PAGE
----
By Matthew Geagan, CBS Boston
BOSTON (CBS) -- Given how things ended between Kyrie Irving and the Boston Celtics, there is a lot of ill will aimed toward the point guard among Boston fans. But as it turns out, Irving kind of did the Celtics a solid on his way out the door.
And if that doesn't quell the vitriol toward Irving, it sounds like things aren't off to a great start in Brooklyn, either.
But before we get to the present, let's go back to the past. Irving's departure from Boston was an unceremonious one, and just about everyone knew that he was gone as soon as Boston's disappointing postseason ended with a five-game ousting by the Milwaukee Bucks in the second round. Irving had known that he was bound for Brooklyn for some time, and he made that clear in his exit interview with Danny Ainge, according to ESPN's Jackie MacMullan:
Irving, whose relationship with the Celtics had soured, said he told Danny Ainge in his exit interview that he was moving on. He had already decided where he was headed: back home to Brooklyn and all the possibilities it offered -- not to the Knicks, which felt stagnant and stale.
That heads up won't stop a smattering of boos from following Irving up the floor when he returns to Boston on Nov. 27, but maybe Celtics fans will have a little less anger toward the mercurial star. In giving Ainge that courtesy, and not dragging things out, Irving allowed the Celtics to promptly turn their focus to the free agent market -- instead of dwelling on the wishful thinking that Irving would return. That put them in prime position to land Kemba Walker, whom they gave a max contract to just minutes after free agency opened.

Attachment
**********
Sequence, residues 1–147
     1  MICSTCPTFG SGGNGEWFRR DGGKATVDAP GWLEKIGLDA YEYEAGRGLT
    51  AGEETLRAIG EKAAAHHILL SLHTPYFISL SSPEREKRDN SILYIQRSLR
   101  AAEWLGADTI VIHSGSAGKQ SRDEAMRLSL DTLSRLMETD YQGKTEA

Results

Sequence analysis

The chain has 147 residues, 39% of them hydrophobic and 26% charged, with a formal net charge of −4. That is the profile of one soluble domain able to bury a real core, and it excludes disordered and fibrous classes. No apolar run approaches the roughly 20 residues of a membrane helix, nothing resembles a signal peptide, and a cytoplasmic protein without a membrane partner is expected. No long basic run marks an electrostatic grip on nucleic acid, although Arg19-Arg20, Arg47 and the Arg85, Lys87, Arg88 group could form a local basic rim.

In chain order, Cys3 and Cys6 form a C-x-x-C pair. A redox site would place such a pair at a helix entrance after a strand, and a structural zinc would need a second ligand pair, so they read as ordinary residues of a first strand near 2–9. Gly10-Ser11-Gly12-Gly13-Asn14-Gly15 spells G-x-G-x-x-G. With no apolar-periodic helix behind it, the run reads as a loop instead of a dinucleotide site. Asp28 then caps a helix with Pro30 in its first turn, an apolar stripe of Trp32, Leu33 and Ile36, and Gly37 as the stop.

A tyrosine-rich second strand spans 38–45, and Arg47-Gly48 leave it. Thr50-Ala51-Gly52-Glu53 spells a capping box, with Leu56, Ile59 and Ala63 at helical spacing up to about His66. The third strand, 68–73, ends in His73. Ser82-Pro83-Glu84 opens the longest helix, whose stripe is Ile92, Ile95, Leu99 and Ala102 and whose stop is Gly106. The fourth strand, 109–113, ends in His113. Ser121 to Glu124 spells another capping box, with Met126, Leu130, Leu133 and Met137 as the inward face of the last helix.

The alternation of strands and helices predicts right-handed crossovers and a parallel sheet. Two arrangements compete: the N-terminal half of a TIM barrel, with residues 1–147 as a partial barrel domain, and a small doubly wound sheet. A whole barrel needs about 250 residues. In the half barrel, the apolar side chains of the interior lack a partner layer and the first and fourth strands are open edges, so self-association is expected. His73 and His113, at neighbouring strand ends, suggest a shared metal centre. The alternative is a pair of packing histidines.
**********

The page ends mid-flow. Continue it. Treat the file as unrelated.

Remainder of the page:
Maybe Ainge's proclamation that Kemba and center Enes Kanter were their "Plan A" in free agency wasn't so much of a stretch after all. Ainge knew that Irving was gone shortly after the Celtics season came to an end, and he quickly drew up a new game plan for the summer.
And if Celtics fans aren't ready to move on from Irving, MacMullan included another nugget about his famous "mood swings," which are already showing up in Brooklyn and making Nets officials feel a little "queasy" about their franchise guard.
Yet Irving's infamous mood swings, confirmed by his ex-teammates, which followed him from Cleveland to Boston to Brooklyn, are the unspoken concern that makes Nets officials queasy. When Irving lapses into these funks, he often shuts down, unwilling to communicate with the coaching staff, front office and sometimes, even his teammates. Nets team sources say one such episode occurred during Brooklyn's trip to China, leaving everyone scratching their heads as to what precipitated it.
The Nets are hoping that Kevin Durant's return next season will help Kyrie's mood, but that is a long ways away. It's only been four months since Irving returned home to Brooklyn, and he's only played three games for the team, but his attitude is already making some in Brooklyn feel uncomfortable.
Irving hasn't let it get in the way of his game, as he's averaged 37.7 points, 6.3 assists and 5.7 rebounds over his first three games in Brooklyn. The Nets, however, are just 1-2 with a pair of overtime losses.
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